Being in Rawlins for this extended time has given me the chance to see some old friends. Last Sunday I was so aware that I naturally gravitated to the pew where our family always sat. Just a couple of rows behind me was my 2nd grade Sunday school teacher; there were other folks present that I have known all my life. Even a trip to the grocery or hardware store is an occasion to see former classmates and long time family friends and even family members. Throughout the week my nephews and their families have stopped by to visit or to share a meal. Our roots in this town go really deep and no doubt have formed us all in various ways.

As I put that together with some of the reading I've done during the last several months about terroir which has been defined as the flavor or odor of certain locales that are given to its products, particularly with wine, I am so aware how we grew up eating locally, even before it was the latest fad. My grandparents and parents always had gardens. My family hunted elk, deer, birds. We bought lamb and beef from local ranchers. Daddy's garden provided lots of produce to many of their friends through the years.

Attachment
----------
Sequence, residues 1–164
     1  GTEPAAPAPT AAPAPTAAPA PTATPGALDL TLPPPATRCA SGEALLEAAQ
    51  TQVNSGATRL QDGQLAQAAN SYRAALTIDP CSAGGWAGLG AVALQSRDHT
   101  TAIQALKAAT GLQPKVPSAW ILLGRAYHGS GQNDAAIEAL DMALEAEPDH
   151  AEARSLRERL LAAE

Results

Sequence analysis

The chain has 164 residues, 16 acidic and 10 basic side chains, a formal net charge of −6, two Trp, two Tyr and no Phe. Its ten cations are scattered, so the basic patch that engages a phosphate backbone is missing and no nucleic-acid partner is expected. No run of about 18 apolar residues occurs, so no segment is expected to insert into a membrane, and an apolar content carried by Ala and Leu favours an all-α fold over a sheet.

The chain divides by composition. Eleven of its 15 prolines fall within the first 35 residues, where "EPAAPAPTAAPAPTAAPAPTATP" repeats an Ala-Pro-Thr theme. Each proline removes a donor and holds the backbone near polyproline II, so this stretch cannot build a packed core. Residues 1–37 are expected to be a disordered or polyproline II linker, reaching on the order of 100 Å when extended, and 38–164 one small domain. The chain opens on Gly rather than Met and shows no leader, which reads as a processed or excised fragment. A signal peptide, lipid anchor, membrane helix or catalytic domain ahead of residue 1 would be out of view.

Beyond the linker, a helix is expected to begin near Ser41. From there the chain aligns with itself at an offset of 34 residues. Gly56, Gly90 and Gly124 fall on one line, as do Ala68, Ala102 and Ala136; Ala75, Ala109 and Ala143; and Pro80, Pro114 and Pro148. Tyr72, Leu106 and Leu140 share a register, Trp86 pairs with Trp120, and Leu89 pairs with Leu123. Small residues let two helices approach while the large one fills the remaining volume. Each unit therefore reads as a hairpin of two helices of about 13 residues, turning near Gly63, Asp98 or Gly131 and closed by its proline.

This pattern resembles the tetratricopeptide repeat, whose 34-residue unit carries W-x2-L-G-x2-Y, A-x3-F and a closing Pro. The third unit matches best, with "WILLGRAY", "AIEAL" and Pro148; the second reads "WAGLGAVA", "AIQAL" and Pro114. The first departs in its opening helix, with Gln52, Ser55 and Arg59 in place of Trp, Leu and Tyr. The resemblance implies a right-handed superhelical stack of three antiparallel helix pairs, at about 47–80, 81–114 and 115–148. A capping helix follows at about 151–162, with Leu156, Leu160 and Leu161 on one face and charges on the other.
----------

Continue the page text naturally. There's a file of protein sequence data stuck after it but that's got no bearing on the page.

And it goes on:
Mark Davis is quoted in Amy Trubek's book, The Taste of Place, saying,"Terroir is character. it is the triumph of diversity over homogeneity." While there is no formula for determining this taste of place, there is a sense that the relationship that exists between the land and the folks who farm it, live on it, make their home on it, is somehow incarnated in their values, hopes and dreams. I know that somehow my need for independence, bucking up when the going gets tough and using humor to diffuse a crises is tied into the self-sustaining gardening, hunting and family meals of my family. I realize that the deep roots of lifetime friends which my parents continue to enjoy, even as the obits in the daily paper are more frequently of their friends, is something which amazes me. Perhaps going away and coming home again make me even more appreciative of the foundation which has supported me in what I have become and done. Perhaps that is why in the next couple of weeks I will spend some time in the kitchen with Mother, learning some of the family recipes which up until now have not been part of my repertoire.